giving in to demands to introduce forms of direct democracy, thereby exacerbating the problem they want to solve. Proposal #1: ban the populist toolkit: not more but less direct democracy is needed In recent years it has become something resembling a Pavlov dog reaction: when governments or political parties are confronted with the disaffection of the electorate, they tend to accept at face value the opinion of critics, who blame the existing system of parliamentary democracy for not being “democratic” enough. This leads to proposals and measures which make it

in The end of populism
Jack Saunders

3 Decentralised direct democracy, 1964–68 At their 1964 Annual General Meeting, the Longbridge joint shop stewards’ committee (JSSC) celebrated their success in unionising the factory, boasting that they were now ‘100 per cent organised’ with nearly six hundred shop stewards.1 Similar developments had taken place across the industry as worker activism created new social practices and organisations. Over the next ten years, these organisations would develop a growing reputation for militancy as, along with miners, dockers and shipbuilders, their members became

in Assembling cultures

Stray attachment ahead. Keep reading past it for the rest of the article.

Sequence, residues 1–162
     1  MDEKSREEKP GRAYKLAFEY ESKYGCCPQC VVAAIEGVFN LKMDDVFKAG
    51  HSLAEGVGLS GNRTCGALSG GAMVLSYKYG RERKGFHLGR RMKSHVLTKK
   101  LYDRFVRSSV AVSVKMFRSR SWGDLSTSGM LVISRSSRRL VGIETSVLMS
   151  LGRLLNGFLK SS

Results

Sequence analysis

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The age of supply­side politics?
Matt Qvortrup

the defeat of the Jürgen Habermas (1973) Legitimationsprobleme im Spätkapitalismus, Frankfurt am Main, Suhrkamp, p. 320 (translated by the another).  2 Elizabeth Weise, ‘Voters in 38 States Decide Sweeping Ballot Initiatives’,  USA Today: www.usatoday.com/story/news/politics/2012/11/06/initiatives-­on-­ballot/ 1687885/ (accessed 7 November 2012).  1 152 Direct democracy European Constitution in votes in France and the Netherlands. He said that they should be avoided because they ‘undermine the Europe we are trying to build by simplifying important and

in Direct democracy
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Bespoke democracy
Matt Qvortrup

shopping lists, that we should see the demand for direct democracy. Political parties, and the system of representative government, are in many ways representative of the old system of one fits all; the system under which we were content with package deals, under which a basket of goods had been selected for us by the benevolent shopkeeper. Sure, we were able to choose between different packages, but the shopping baskets on offer in the political supermarket were – and to some extend still are – essentially the same. This system will no longer do. As individuals and as

in Direct democracy
An empirical assessment
Matt Qvortrup

we have seen the most widespread use of the initiative, and it is, consequently, in this country that we find the best and the worst examples of its use. Kimitaka Matsuzato (2005) ‘Semi-­ Presidentialism in Ukraine: Institutionalist Centrism in Rampant Clan Politics’, Demokratizatsiya: The Journal of Post-­ Soviet Democratization Vol. 13, No. 1, 45–58.  3 28 Direct democracy The initiative in the United States Twenty-­four out of the 50 states have provisions for initiatives, though the provisions have been used with varying frequency (ostensibly due to

in Direct democracy